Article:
Soviet genocide in Latvia

The occupation of Latvia (1940-1990)

The brutality of First Soviet occupation (1940-1941) was such that it has been named the „Year of Terror“. All Latvian property was nationalized. Some 35000 were arrested, murdered or expelled to inhospitably cold Siberia – most never to return. 1% of all Latvians (15000) were expelled to their deaths in Siberia in a single night of June 14, 1941, alone.

Victims of the Soviet genocide in Latvia
Victims of the Soviet ‘Year of Terror’ in Valmiera. Most Latvians were tortured before being murdered, by means such as gouging their eyes or burning the face.

So terrible was the Soviet occupation that many Latvians welcomed the new occupation by Nazi German forces in 1941 as a relief. Not the Jews, however, who were the new target set by Nazi Germany (over 50000 were killed, expelled or fled).

Salaspils prison camp
A drawing of Salaspils prison camp for Soviet POWs, established by Nazi Germany and built by Jewish forced labor.

Despite the effort of both Germans and Latvian Legion to stop them, in 1944-1945 Soviets had reconquered Latvia and their Stalinist terrors have returned (additional 150000 people were murdered or expelled). Not wishing to wait for their deaths, some 120000 Latvians fled westwards just before Soviet reoccupation, eventually taking refuge in America and Australia. Others launched a failed guerilla war in Latvian forests (1944-1956).

Soldiers of the Latvian legion
Soldiers of Latvian Legion fight to prevent Soviet re-occupation in 1943. While nominally a part of German army, this regiment did not participate in any war crimes.

While Soviet murders became more tamed by the late 1950s (after Stalin died), the mass settling of Latvia was the new danger to the survival of Latvian nation. Tens of thousands new ethnically-Russian Soviet settlers would be encouraged to move to Latvia every year. By the 1970s already, the main Latvian cities were Russian-majority. By 1989, merely 52% of country’s inhabitants were ethnic Latvians (44% in the cities, 37% in Riga).

People squeezing into Riga trams in 1950s
People squeezing into Riga’s trams in the 1950s. Throughout the Soviet occupation cars remained a luxury and most had to rely on unbelievably crammed public transportation instead.

Latvians were taught Russian in schools but Russians would not learn Latvian, seeing Russian language and culture as more important and “international”. This meant ethnic Latvians were finding increasingly little use for their own language in their own homeland as most public events would now be in Russian. Additionally, religions and religious traditions were heavily repressed.

Concrete slab building in Riga with Soviet propaganda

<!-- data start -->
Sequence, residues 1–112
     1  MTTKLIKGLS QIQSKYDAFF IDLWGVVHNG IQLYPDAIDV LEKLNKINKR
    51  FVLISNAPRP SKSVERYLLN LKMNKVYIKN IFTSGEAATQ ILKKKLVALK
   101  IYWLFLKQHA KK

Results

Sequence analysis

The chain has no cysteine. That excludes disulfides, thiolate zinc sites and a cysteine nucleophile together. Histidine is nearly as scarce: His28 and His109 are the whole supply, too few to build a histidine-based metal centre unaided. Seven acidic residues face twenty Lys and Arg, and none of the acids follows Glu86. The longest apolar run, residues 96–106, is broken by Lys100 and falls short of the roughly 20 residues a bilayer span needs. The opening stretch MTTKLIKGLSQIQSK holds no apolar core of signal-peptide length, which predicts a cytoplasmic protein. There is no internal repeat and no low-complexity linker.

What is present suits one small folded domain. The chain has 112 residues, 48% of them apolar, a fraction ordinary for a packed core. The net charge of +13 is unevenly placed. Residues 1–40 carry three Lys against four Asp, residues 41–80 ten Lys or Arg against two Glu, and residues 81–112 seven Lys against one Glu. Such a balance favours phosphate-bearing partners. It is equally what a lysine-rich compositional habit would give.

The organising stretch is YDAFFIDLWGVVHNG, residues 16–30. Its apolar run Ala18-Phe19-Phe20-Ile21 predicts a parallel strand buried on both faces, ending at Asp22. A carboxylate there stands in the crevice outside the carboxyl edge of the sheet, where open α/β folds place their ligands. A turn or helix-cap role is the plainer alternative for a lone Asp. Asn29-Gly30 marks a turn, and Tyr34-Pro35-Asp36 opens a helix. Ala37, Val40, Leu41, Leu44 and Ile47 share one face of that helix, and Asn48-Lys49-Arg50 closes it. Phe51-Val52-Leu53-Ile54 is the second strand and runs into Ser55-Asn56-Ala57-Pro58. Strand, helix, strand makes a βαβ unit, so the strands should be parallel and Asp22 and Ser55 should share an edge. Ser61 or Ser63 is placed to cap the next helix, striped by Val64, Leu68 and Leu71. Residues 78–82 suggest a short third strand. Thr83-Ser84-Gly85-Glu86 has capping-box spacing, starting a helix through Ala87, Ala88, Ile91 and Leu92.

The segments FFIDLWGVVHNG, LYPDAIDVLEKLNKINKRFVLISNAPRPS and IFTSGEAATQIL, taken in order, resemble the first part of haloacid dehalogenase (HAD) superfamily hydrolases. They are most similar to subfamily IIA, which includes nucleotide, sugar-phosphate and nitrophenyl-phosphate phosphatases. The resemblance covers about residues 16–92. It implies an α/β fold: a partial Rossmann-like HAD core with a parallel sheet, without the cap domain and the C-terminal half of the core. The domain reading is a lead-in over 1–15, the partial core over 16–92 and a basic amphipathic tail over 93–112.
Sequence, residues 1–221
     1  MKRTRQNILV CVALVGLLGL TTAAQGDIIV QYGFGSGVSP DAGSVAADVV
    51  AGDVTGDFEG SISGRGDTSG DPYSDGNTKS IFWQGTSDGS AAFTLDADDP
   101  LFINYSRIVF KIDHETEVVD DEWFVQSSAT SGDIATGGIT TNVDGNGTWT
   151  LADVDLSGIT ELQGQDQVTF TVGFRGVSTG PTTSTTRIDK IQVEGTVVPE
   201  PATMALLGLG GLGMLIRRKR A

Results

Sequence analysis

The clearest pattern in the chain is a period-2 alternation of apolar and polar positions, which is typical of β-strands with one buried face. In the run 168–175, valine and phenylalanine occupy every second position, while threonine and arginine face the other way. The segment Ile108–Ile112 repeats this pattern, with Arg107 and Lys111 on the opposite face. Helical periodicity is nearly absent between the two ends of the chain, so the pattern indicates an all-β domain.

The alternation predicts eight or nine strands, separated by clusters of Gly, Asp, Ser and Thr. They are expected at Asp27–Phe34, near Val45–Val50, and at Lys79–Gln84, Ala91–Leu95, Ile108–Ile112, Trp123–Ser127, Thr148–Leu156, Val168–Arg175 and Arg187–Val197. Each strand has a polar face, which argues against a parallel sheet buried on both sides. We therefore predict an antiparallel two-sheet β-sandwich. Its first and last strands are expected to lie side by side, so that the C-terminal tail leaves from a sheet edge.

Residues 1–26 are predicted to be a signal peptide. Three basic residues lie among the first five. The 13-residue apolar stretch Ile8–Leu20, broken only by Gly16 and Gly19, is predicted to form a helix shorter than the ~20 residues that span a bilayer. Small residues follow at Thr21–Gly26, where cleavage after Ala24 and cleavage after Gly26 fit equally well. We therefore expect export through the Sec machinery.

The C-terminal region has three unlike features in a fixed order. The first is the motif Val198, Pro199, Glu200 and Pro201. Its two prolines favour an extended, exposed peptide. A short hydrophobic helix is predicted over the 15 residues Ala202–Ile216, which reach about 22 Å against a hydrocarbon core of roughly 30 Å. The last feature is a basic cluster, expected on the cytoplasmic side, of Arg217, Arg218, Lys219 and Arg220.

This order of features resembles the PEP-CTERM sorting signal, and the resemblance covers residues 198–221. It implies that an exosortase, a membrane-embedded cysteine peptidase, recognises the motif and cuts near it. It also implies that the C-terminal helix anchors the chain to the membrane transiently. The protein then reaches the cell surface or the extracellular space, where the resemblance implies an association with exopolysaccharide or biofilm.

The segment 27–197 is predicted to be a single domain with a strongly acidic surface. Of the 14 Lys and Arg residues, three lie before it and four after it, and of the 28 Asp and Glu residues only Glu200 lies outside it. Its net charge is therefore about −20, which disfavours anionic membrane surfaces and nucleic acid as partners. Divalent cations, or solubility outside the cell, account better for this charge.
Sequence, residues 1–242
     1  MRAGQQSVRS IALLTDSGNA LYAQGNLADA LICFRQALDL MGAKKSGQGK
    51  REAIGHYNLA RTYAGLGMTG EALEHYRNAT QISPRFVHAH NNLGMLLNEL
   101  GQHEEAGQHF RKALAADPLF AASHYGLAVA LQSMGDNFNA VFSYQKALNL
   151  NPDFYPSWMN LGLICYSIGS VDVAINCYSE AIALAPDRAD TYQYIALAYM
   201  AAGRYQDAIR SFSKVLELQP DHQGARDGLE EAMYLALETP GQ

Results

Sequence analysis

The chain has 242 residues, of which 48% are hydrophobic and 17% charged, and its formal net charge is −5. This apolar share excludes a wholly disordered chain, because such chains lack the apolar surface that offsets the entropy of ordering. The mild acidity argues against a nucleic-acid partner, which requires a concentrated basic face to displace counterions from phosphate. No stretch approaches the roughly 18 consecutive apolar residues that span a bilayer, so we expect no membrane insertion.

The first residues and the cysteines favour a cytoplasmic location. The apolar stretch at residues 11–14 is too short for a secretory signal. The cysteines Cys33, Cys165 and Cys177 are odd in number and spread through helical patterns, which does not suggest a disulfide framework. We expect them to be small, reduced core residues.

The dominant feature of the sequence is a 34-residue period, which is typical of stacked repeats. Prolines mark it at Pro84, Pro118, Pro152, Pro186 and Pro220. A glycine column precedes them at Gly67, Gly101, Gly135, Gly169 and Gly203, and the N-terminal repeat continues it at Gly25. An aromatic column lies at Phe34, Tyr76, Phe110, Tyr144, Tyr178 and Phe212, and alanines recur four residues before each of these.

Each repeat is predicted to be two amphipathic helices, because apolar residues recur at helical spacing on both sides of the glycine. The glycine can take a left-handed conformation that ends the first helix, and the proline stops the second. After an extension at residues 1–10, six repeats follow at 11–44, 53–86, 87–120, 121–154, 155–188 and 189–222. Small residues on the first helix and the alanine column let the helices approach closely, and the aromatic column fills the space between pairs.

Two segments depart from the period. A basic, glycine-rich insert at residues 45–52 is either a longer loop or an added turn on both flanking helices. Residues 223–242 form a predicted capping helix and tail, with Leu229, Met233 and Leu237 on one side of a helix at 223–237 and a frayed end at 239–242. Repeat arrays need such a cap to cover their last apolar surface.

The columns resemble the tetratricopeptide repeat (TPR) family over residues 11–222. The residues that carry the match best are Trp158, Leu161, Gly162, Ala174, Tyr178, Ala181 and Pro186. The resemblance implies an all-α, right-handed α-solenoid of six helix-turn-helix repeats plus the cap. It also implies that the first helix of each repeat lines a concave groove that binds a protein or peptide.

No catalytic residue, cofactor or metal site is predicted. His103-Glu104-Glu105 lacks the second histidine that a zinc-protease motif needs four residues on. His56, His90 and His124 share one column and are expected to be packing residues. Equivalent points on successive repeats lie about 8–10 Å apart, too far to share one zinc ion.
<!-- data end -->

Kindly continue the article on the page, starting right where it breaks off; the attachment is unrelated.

A 1970s Soviet building in Riga with Soviet propaganda poster that was typical then, declaring (in Russian only): ‘Wherever there is [Communist] party, there is progress, there is victory’.
While the Soviet oppressiveness and discrimination surely made the occupation even more hated by Latvians, it was the economic backwardness of the Soviet Union that initiated its final collapse. Supposedly egalitarian (as most people earned similar wages), the Soviet system actually had a person’s social standing determined by what “relationships” with important people he or she had. People would commonly steal goods from their workplaces in order to exchange them in the black market or to give them to friends; “important people” were the ones having “access” (direct or indirect) to the “best” goods and services. Working hard was not rewarded at all, leading to hopeless productivity levels, which dragged Soviet (and thus Latvian) economy decades behind the West.

Corn harvest in 1955
Corn harvest in 1955. Mandatory planting of corn (inapplicable to the cold Latvian climate) was one of Soviet centrally-planned economic failures which ravaged the agriculture.

On the geopolitical scale, Soviets still sought to compete with USA (“Cold War”) but that was possible only through allocating a greater and greater share of resources to the military, making shortages of civilian goods even acuter (for people without “relationships”). Understanding that he is losing the Cold War, Soviet leader Gorbachev declared a policy of perestroika and glasnost, or the transformation to democracy and capitalism. In a couple of years, the democratic People’s Front movement in Latvia became brave enough to demand freedom. Soviet reprisals were no longer able to stop the masses as similar calls resounded all over Union’s non-Russian lands.

Baltic Way in Latvia (1989)
Baltic way (1989), one of the largest protests in the world history. It was a 600 km long human chain of 2 million people, connecting Latvia to Lithuania and Estonia, demonstrating the unity of Baltic States